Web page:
Nearly a year ago we have started developing the Imtech SharePoint OneClickDeployment Studio (OCD). Back then, called Imtech MOSS 2007 Content Structure Configurator (MCSC), the tool was provisioning only the sites tree: something you might know from the Publishing Portal Site Collection Template. At the time we started working on OCD there was little to none documentation on the Content Deployment Prime. To have the required atomic level of control on deploying the configuration we have chosen for using the SharePoint Object Model for communicating with SharePoint 2007 and we have developed our own XML format to store the configuration. From the very beginning we support two UI’s for OCD. The first one is a set of custom STSADM commands which allow us leverage the concept of automated deployment. While we have started with the export and configure functionality, we have extended these commands with new functionality and incorporate some options to provide a more granular control of the configuration export. Imtech SharePoint OneClickDeployment Studio is also incorporated inside SharePoint UI. Upon the installation there is a Site Actions menu available which allows less technical users like consultants and designers to either export or configure SharePoint 2007 configuration. Since we added support for Publishing Pages we have extended the WSS GUI (as we call it) with an extra button residing on the Publishing Console which allows us to export complete Publishing Page including content, Web Parts and any other properties we support. When we started using OCD in our projects it didn’t support many configuration settings. Delivering a single XML file or two was sufficient to persist all the supported properties. While OCD has evolved during the last year we needed to find a better solution than delivering separate XML files. I still remember a project for one of our customers when we included content migration from the old web site. The deployment package consisted of nearly 600 OCD XML files! While looking at the deployment deliverables we have decided to store the OCD XML files alongside other assets inside the .wsp file. In order to provide OCD with some additional information about the deployment target and order of running the XML files, we have developed OCD Manifest: an XML file containing both a playlist of all XML files and some general properties.
Our experience with OCD
After a week of working with the first version of MCSC we have discovered its potential and we have decided to make it an integral part of all our projects. As we are a projects oriented organization, we have decided not to develop OCD as a product. Instead we have decided to use it in our projects and extend it with the missing functionality required to automatically deploy the project we were working on. This choice worked out pretty well for us. After a year of working with OCD we cover now quite a big part of the SharePoint Object Model. We don’t cover it all and we are strict in making our choice in whether a particular part of the Object Model should or should not be supported by OCD. Keeping OCD simple allows us to extend it in the short amount of time we have during a project and benefit of our effort at the end of it. One Click Deployment is not only a tool. It’s a whole concept of how we approach development and deployment in SharePoint 2007. Our main goal was supporting structured and repeatable deployment of SharePoint solutions: not only of the assets but of the configuration as well. Our approach allows us to do the Deployment Driven Development: each work package within the project we finish ends up in the .wsp and OCD XML. By doing that we are able to provide our customers an overview of the overall project progress without any extra effort besides deploying the project to a SharePoint environment.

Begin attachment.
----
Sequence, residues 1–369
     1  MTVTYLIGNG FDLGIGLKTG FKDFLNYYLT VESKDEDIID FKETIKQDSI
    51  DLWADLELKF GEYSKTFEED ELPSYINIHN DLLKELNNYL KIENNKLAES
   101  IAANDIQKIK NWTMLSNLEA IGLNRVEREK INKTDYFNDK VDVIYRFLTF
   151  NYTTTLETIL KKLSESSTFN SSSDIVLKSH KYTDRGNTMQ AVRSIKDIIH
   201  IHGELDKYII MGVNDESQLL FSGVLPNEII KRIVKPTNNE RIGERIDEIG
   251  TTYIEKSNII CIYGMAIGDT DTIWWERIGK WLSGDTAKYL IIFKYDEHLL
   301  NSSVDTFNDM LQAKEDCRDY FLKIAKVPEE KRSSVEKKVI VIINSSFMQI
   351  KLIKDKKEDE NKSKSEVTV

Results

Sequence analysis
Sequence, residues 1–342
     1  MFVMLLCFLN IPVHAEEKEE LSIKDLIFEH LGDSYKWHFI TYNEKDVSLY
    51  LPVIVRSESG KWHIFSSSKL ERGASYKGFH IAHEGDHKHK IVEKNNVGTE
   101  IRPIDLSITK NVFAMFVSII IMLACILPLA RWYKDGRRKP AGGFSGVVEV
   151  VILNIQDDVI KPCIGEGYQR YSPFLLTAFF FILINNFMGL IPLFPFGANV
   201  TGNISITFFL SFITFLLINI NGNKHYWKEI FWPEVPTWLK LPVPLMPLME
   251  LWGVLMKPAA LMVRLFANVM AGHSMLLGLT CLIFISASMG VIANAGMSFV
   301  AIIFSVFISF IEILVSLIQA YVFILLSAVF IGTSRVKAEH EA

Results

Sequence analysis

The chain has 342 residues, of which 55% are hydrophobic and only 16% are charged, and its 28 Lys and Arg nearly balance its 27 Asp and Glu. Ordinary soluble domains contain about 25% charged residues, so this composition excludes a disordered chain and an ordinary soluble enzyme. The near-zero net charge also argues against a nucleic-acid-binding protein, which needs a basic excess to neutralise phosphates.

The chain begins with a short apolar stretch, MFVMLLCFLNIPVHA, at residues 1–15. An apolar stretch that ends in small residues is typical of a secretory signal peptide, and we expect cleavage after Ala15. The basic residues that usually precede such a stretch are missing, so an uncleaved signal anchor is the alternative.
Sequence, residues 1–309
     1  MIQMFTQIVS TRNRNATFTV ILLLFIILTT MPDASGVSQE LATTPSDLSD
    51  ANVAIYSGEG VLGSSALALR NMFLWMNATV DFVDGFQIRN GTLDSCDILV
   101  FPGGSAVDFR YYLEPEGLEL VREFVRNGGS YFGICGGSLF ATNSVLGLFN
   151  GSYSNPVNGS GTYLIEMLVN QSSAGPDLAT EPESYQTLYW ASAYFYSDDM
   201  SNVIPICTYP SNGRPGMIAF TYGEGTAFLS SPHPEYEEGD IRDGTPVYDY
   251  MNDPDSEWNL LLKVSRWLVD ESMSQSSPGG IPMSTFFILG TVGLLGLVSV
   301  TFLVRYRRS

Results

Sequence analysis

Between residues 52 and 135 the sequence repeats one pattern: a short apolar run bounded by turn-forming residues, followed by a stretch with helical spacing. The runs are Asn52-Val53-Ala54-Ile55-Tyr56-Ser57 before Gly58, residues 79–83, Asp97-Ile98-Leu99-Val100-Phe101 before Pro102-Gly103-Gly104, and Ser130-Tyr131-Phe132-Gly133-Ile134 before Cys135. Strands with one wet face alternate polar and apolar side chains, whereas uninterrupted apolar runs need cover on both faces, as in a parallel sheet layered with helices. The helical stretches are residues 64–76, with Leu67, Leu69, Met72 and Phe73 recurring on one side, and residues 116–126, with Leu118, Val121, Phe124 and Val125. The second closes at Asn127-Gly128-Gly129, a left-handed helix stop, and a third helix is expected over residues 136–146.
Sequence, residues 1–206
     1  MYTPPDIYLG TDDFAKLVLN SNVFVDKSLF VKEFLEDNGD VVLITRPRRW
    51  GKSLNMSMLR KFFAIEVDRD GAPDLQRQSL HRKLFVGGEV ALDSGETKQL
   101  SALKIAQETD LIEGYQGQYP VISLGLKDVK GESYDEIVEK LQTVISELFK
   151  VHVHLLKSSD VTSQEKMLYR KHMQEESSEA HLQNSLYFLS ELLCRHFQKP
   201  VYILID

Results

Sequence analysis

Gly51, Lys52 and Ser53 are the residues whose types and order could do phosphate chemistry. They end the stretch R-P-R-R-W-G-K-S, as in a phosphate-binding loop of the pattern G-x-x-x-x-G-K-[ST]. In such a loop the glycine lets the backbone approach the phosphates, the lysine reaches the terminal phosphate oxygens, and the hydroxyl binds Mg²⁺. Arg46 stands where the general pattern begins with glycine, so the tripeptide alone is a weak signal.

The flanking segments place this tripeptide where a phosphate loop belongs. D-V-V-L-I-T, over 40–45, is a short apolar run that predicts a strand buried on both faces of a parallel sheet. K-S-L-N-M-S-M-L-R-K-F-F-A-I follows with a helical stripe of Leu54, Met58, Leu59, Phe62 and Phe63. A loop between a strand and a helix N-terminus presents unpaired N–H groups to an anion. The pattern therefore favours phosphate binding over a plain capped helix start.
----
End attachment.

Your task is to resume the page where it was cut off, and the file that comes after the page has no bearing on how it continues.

After having used OCD in many projects during the last year we have discovered the following benefits:
Separating configuration from code
By using an XML document to describe the configuration we don’t need to code it inside Feature Receivers or custom deployment assemblies anymore. We have more overview about the whole solution and we can modify pieces of the configuration without having to rebuild the code.
"Extended" Features and Solutions framework
Because we have chosen to base the OCD XML on the SharePoint Object Model it is easy for us to track the configuration and incorporate newly developed work packages into OCD deployment scripts. OCD extends the Features and Solutions framework by providing a structured and repeatable mechanism for configuration deployment.
By using the intellisense for the OCD XML, code snippets and by reusing various configuration parts we are able to develop quicker and focus on the custom functionality instead of the routine work. Instead of creating 10 sites with the same or similar settings we can create just one, export it to XML and then copy the XML modifying the XML where necessary.
Because the configuration of our solution is described using XML we can store it in source control. By doing that we are able to track both the overall progress of a project and changes done to the configuration. Being able to store the configuration in source control gives the same benefit we all know from storing the code in source control.
Collaboration on configuration
Thanks to OCD we are able to collaborate not only on the custom code we are developing but on the configuration as well. OCD enables us to work focused on atomic work packages instead of larger functional areas as defined by SharePoint. By deploying pieces of the OCD XML we are able to work on a certain piece of a web site with multiple developers without a separate integration environment.
Structured and repeatable deployment
Last but not least: it’s all about structured and repeatable deployment. During the development stage of a project we are able to deploy our work and confirm that it works according to the specifications. During the deployment process we delete the existing Site Collection and deploy the whole solution from scratch. By doing that we are sure that we don’t deploy anything else than either developed in our custom code or described in the OCD XML.
So far we have used OCD in all of our SharePoint projects. We have noticed that it allows us to deploy our solutions in a fully structured and repeatable way. Next to that extra piece of control on deployment we gained some other benefits like reusing common configuration settings and cloning similar parts of the solution. While we have put a lot of effort in designing and developing OCD so it would become a great deployment strategy it is now, it pays back in a great way allowing us – developers to focus on the challenges instead of routine work. In the coming few months we will be working on improving the performance, the overall quality and extending OCD with some new features.